If you have a loved one who is living with PTSD, you know how the effects of this mental illness can be debilitating to your loved one’s life. And, you may wish to help them in any way in order to ease their burden. Fortunately, people can offer help for PTSD to their loved ones who may be living with the long-lasting impacts of experiencing trauma. Providing this help can be a great way to show that you support your loved one and even motivate them to get the professional help they need to establish healing and means to cope with the effects of PTSD in daily life.
Some ways that loved ones can help a person in their live who is living with PTSD may include:
One of the best things you can do to help a loved one living with PTSD is to get an education on PTSD yourself. When you know more about PTSD, you are more aware of how this condition affects your loved one, triggers that can stimulate symptoms of PTSD, and options for treatment you may be to bring up with your loved one once they are open to getting help. Educating yourself about PTSD can also help you understand more about how you can be a support for your loved one living with this condition. This way, you can be a non-judgmental and encouraging champion for your loved one who can be in their corner no matter what.
If your loved one wants to talk about what they’re experiencing, they will. Pushing your loved one to open up can make them feel put on the spot or uncomfortable. If you want to help a loved one living with PTSD, you need them to trust you. This means being able to have them open up to you about their experiences without feeling pressured. So, remember, if they do want to open up to you, you should be there for them without hesitation or judgment. However, this should come naturally and not be forced at all – it should only be their decision to do so.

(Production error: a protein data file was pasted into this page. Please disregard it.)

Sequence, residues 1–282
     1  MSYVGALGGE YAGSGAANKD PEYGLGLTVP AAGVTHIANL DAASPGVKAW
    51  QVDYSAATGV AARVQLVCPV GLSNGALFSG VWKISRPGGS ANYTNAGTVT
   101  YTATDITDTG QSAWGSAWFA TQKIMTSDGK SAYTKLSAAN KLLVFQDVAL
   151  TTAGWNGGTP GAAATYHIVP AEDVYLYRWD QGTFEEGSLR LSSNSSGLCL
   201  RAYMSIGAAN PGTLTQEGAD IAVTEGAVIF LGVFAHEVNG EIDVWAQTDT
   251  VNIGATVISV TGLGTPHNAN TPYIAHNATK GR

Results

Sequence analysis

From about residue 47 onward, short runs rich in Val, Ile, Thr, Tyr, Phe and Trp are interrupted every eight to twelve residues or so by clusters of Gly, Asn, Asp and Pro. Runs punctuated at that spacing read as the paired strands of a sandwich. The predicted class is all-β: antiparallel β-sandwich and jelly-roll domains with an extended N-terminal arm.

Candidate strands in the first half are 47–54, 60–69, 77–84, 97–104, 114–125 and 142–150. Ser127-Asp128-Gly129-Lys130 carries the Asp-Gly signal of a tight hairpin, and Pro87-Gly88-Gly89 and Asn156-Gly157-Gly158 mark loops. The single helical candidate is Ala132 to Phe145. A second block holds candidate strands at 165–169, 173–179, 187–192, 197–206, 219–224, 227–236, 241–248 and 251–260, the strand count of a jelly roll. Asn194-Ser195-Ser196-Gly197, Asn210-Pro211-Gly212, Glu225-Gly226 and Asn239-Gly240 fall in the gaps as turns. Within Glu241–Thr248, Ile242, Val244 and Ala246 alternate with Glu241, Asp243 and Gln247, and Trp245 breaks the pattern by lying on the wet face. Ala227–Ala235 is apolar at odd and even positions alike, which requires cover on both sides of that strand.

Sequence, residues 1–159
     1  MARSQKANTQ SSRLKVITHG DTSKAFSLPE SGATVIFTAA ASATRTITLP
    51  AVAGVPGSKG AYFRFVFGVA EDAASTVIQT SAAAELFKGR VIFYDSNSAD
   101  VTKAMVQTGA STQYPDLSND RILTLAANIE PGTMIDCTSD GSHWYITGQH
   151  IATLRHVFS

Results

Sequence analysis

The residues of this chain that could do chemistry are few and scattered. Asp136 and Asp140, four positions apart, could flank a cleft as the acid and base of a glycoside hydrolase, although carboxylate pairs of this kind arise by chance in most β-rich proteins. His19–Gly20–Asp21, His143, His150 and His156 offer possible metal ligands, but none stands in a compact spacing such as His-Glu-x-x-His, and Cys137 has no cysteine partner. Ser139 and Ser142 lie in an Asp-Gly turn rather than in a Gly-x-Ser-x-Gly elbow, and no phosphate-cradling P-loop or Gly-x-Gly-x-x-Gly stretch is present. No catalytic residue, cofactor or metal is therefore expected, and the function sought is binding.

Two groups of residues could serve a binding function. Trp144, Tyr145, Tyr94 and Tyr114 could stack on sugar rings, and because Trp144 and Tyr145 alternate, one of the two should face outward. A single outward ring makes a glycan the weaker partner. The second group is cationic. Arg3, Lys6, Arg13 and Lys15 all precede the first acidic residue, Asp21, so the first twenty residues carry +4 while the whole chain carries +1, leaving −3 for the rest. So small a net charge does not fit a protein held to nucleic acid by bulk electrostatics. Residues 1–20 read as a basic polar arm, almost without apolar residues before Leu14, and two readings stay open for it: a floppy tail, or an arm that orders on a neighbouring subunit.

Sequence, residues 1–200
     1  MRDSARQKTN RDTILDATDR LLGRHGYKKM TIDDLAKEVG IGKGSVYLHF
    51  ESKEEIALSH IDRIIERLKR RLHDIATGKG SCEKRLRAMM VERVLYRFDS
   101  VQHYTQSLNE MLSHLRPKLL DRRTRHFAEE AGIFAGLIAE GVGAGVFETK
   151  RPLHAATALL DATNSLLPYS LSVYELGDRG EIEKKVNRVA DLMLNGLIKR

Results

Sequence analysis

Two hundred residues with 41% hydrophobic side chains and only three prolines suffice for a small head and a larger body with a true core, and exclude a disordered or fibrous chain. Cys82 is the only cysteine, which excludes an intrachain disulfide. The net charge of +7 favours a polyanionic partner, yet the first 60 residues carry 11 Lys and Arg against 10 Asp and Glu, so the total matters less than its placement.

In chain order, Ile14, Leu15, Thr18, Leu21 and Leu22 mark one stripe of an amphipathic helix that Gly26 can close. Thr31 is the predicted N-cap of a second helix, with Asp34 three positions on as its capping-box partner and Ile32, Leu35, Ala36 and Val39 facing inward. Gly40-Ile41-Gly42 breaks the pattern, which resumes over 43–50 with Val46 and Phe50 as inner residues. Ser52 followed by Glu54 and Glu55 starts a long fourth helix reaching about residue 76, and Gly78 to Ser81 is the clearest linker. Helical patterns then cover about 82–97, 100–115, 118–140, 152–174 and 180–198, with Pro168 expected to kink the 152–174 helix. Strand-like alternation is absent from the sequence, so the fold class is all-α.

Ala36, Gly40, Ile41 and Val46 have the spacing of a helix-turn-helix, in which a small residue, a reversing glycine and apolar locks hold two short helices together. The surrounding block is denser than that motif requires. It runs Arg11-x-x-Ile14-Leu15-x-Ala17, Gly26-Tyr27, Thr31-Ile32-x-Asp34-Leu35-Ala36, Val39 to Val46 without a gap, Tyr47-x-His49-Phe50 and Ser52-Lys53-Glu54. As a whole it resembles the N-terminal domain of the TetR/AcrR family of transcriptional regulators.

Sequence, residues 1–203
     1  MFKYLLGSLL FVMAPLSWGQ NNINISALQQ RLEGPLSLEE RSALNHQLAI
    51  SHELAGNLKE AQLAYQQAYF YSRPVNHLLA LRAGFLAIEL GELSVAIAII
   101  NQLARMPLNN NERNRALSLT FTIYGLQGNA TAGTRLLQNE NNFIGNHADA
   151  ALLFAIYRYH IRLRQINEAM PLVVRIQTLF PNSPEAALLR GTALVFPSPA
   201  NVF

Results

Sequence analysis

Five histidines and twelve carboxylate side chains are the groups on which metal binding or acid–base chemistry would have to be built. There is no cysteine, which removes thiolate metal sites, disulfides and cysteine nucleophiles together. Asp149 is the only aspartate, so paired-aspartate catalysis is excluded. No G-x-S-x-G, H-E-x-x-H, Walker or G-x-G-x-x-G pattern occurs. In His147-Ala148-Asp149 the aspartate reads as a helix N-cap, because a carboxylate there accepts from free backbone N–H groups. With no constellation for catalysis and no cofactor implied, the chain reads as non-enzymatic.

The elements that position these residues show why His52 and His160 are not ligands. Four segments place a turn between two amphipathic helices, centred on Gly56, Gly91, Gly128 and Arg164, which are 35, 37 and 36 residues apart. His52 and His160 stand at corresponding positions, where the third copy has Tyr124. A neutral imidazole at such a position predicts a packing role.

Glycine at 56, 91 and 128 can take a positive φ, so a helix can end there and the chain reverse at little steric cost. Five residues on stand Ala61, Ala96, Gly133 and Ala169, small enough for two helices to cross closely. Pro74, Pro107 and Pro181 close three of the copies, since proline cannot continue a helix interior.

If your loved one who is struggling with PTSD does choose to open up to you about their struggles with trauma and PTSD, it’s important that you approach these conversations a certain way. For one, it can be helpful to practice active listening. This means rather than providing insight into your own experiences or advice during a conversation about PTSD, you just listen. This can help your loved one to gain trust in you and can be essential if they ever come to you asking them to help you find professional assistance. Secondly, it’s also important to remember not to judge if your loved one opens up to you in conversation. If you judge your loved one about what they’re dealing with, they may choose not to open up to you again. And, this can hurt the trust they have for you, making it so that they don’t reach out to you again even if they are willing to seek help.
If your loved one ever suggests that they are willing to get professional help for PTSD, it’s helpful to be ready to offer them options for getting help. This may include using a trauma treatment program, like the one available through Yellowbrick. This program is an outpatient approach to treating PTSD for young, emerging adults.
Find out more about getting help for PTSD through our trauma recovery program at our facility located in Evanston, IL on our website today.
Yellowbrick collaborates with adolescents and emerging adults, ages 16-30's, their families and participating professionals toward the development and implementation of a strategic “Life Plan.” An integrative, multi-specialty consultation clarifies strengths, limitations, and risks, and defines motivations, goals and choices.
A mental health condition that’s characterized by intense shifts in mood including both manic and depressive episodes.
People living with Major Depressive Disorder, or MDD, experience episodes of depression and sadness that are debilitating to daily life.
Those living with anxiety disorders experience high levels of anxiety and stress that interfere negatively with daily life.
A mental health issue in which a person’s cognitive function is impaired, resulting in symptoms like experiencing challenges with conducting speech, reading and writing, and behavior.
Mental health disorders that negatively affect a person’s behaviors, thought patterns, and function. People diagnosed with these disorders experience challenges with managing relationships and understanding various situations.
Post-Traumatic Stress Disorder is a mental health condition that people can develop as a result of experiencing traumatic situations, characterized by symptoms including flashbacks, avoidance behaviors, and more.
A mental health condition that is characterized by specific symptoms of forgetfulness and lack of concentration, which makes it challenging to complete necessary tasks.
Mental health conditions that interfere with a person’s eating habits, thought patterns, and behaviors in negative ways.
A mental health disorder diagnosable with the DSM-5 that is characterized by both obsessions and compulsive behaviors.